Sing Praise: All Times, All Seasons

Sing Praise: All Times, All Seasons April 10, 2024

A grateful child wants to sing praise.


Many of us might recall going to sleep with “hallelujah” echoing in our minds. Perhaps we had been singing Easter hymns or Christmas songs, listening to Handel’s sublime Hallelujah Chorus, or joining a choir or congregation singing hymns of joyful praise to God. Our memory is singing a triumphant song of praise to the God we love—part of a tradition as old and as continual as our worship of and gratitude to Him. To sing praise is our privilege and our blessing.

Hallel indicates praise; Jah brings us Jahweh, the Old Testament name for God: literally Hallelujah says “praise Jehovah.” Hallel songs and psalms are sung to praise God at traditional holidays and festivals. Growing up in a devout Jewish home, Jesus would have heard and sung them throughout His life. He and His disciples likely closed their Last Supper with one as they left for Gethsemane.

Praise at Passover

The Lord takes care of His people; and they sing praise to Him for it. The Passover has been a particular praise time. As the Jewish people were about to be released from their Egyptian bondage, God told them  to “strike” the blood of a perfect lamb or young goat on the upper door and side posts of their homes. As He would “pass through” and claim the first-born persons and beasts in Egypt, He would “pass over” these homes. They were to “keep it a feast by an ordinance for ever.” They have, and the hallel psalms and songs have always been chanted and sung.

To sing praise was integral to Passover from the beginning. After the closing of the parted Red Sea, Moses and his people sang a song beginning,

 I will sing unto the Lord, for he hath triumphed gloriously: the horse and his rider hath he thrown into the sea.

The Lord is my strength and song, and he is become my salvation: he is my God, and . . . my father’s God, and I will exalt  him. (Exodus 15, 1-2)

Miriam, Moses’s sister, led all the women—playing timbrels, dancing, and singing: “Sing  ye to the Lord, for he hath triumphed gloriously; the horse and his rider hath he thrown into the sea.”

Praise with Patience and Courage

 The scriptures are filled with saints and prophets who have delighted to sing praise to the Lord in innumerable ways and circumstances.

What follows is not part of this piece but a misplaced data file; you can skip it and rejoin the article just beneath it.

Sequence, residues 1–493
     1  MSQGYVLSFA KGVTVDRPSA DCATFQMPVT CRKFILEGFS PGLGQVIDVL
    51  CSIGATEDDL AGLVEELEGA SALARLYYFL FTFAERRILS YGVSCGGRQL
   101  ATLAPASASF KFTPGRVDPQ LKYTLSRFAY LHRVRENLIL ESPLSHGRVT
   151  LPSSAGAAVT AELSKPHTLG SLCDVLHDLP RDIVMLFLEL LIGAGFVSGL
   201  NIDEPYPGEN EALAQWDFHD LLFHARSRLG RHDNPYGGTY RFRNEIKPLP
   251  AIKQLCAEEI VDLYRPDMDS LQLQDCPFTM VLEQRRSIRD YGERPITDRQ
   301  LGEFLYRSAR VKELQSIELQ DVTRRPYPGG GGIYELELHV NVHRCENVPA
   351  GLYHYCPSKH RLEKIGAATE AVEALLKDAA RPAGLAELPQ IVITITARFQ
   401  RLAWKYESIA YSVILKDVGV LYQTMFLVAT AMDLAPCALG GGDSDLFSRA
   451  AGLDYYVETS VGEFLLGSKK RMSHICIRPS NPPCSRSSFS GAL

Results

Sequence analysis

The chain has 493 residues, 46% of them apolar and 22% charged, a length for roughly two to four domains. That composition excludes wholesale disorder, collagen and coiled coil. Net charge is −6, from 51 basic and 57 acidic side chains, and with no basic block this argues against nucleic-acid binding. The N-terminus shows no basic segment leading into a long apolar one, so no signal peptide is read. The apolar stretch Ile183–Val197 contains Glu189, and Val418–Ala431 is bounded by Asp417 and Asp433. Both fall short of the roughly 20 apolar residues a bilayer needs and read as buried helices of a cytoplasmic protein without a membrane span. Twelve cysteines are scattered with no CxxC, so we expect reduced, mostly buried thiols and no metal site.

Like many Important journeys, the Jaredites’ voyage to their promised land was not smooth or secure. As Elder L. Todd Budge quoted, “They were many times buried in the depths of the sea, because of the mountain waves which broke upon them.” But in their  tossing  barges, the Jaredites “did sing praises unto the Lord . . . and [they] did thank and praise the Lord all the day long; and when the night came, they did not cease  to praise the Lord” (Ether 6: 6,9).

On another epic journey across the same waters, Nephi, when finally freed after four days  standing tightly bound on the deck of a blistering hot ship, quickly responded, “I did look unto my God, and I did praise him all the day long” (1 Nephi 18:16).

Abraham felt to sing praise continually. An internet  Christian writer pondered,

[He] praised God . . . I wonder if every time he looked up and saw a star, if he was reminded to open his mouth and give glory to God. He mixed the promise with faith and thanked God for His faithfulness.

Another internet writer mentioned that after Abraham had been promised a son, He kept praising God for 25 years before Isaac was conceived—and kept it up afterward, of course.

Deborah and Barak sang together publicly after Israel’s delivery from bondage to the Canaanites:

Praise ye the Lord for the avenging of Israel . . .
I, even I, will sing unto the Lord;
I will sing praise to the Lord God of Israel. (Judges 5: 2-3). 

Hallel Psalms 

King David, psalmist extraordinaire, specifically  devoted Psalms 113-118 and 136 as Hallel psalms, to sing praise to God at every feast or festival every year. Even today, in some places bakers preparing the unleavened bread for the Passover feast sing Hallel psalms as they make it.

Psalm 114 tells of Israel leaving Egypt, including the sea that “fleddest.” Psalm 136 also mentions Passover:

To him that smote Egypt in their firstborn; for his mercy endureth forever.
And brought out Israel from among them: for his mercy endureth for ever.

The other Hallel psalms are more general in their praises, but just as enthusiastic. Psalm 113 is exuberant: “From the rising of the sun unto the going down of the same the Lord’s name is to be praised./The Lord is high above all nations, and his glory above the heavens.” Then it becomes tender: “[He] humbleth himself to behold the things that are in heaven and in earth!/ He raiseth up the poor out of the dust.”

 Psalm 115 compares God “in the heavens” to idols who “see not” and “hear not.” Psalm 116 is the song of one who has struggled and suffered, but the Lord has “delivered my soul from death, mine eyes from tears.” Psalm 117 is only two short verses, but very inclusive:

O praise the Lord, all ye nations:
praise him, all ye people.

For his merciful kindness is great toward us: and the truth of the Lord
endureth for ever. Praise ye the Lord

Psalm 118 includes the words we know well: “The Lord is my strength and song, and is become my salvation.”

Hallel Song for Today

Joachim Neander (1650-1680) blessed us with “Praise to the Lord, the Almighty,” sung by Christians all over the world today. Consider the third verse:

Praise to the Lord, who doth prosper thy way and defend thee.
Surely his goodness and mercy shall ever attend thee.
Ponder anew What the almighty can do,
Who with his love doth befriend thee.”

 May we continue to ponder and praise, with deep gratitude for His perfect love.

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